It is not something I will tolerate to be honest with you but my PIL are very easy to talk to so I will just make a few throw away comments if I need to and I am sure it will rectify itself. It doesnt help that I have been BF for a year and this had meant that she can t stay over there as DS does so the bond might not be there yet. Think you probably need to try to get them to spend some time alone with her because she will probably find it hurtful as she gets older if they clearly seem to prefer her DS.

noonar Thu 04-Oct-07 20:13:12


the weird thing is, a couple of moths ago, when they dropped dd1 home, i made a comment about how we'd have to arrange for dd2 to have a special visit with them soon. dd1 was really upset. started crying . said she's feel left out. ' nanny' poke to her firmly but kindly, and said that dd2 was entitlted to her own speacil visits too.

then....nothing. zilch. they still havent seen dd2 properly since.

and sil is the same. she refers only to dd1. she says stuff like 'it'd be nice to come and sees A' -then adds '...and B' as an afterthought. she recently visited and brought dd1 a magazine, but nothing for dd2 angry

noonar Thu 04-Oct-07 20:14:31

'spoke' not poke -lol

Minum Thu 04-Oct-07 20:22:13

I think this is very common. My mother still gets upset about it happening in our family, - I don't, I can see why gps would be like that. I notice that my kids respond to it though, and tend to reciprocate, or not, the affection shown towards them.

Amethyst8 Thu 04-Oct-07 20:23:44

Oh I would be fuming about that. Bring presents for both or not at all as far as I am concerned. My MIL did that a few times when DD was really tiny and I know DD didnt know but it annoyed me. For the first couple of months she used to ring up and ask "Hows the little one?" Meaning DS. After about the fourth time I said he is fine and so is DD and she now makes a point of asking about both. If you don t say anything though it will just go on with you getting more and more irritated. No one came to the hospital after she was born either. Whereas with DS I could have done with an event organiser to cordinate the visitors. After a "discussion" with DH about it I said we had better not have any more kids because no one would even bother to ask their names.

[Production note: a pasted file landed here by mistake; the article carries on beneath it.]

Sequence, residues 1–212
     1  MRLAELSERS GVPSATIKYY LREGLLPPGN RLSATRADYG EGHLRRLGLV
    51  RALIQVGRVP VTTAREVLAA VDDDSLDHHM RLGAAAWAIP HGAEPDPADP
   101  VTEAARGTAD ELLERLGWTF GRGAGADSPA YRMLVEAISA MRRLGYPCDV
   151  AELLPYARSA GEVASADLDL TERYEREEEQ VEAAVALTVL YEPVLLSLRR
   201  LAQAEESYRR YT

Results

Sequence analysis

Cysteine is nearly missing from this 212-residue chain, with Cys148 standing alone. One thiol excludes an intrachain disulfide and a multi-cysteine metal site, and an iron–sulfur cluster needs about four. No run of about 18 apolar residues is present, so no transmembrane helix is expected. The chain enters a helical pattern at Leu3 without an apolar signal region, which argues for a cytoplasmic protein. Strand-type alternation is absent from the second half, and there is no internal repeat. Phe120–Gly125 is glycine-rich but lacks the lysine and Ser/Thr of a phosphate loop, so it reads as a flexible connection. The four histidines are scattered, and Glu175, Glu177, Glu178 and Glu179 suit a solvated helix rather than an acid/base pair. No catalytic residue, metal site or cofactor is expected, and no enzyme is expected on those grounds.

Don t really understand this novelty wears off thing. I could have ten kids and I would be as excited every time.

notnowbernard Thu 04-Oct-07 20:27:20

Agree, presents for only one child not on at all.

Why not arrange a date forr dd2?

noonar Fri 05-Oct-07 18:32:44

tahnks folks.

i may arrange a date for dd2, but would still rather it came from them.

PrincessAfterLife Fri 05-Oct-07 18:41:41

I think it must be common but rarely a deliberate attempt to hurt or exclude the other DC(s). I was a first grandchild and my mother worried for years about my youger sister not getting the same attention and adoration as me. TBH as we got older and they spent more time with both of us it balanced itself out. So all I can suggest is that you gently encourage everyone to spend more time together but don't make an big issue of the problem or it will upset everyone and make the GPs very self-conscious when spending time with your DD2. Maybe let things evolve naturally?

noonar Fri 05-Oct-07 18:52:06

thats good advice. we probably need to engineer things a bit more, without telling them how we feel.

Join the discussion

Registering is free, easy, and means you can join in the discussion, watch threads, get discounts, win prizes and lots more.

Register now »

Already registered? Log in with: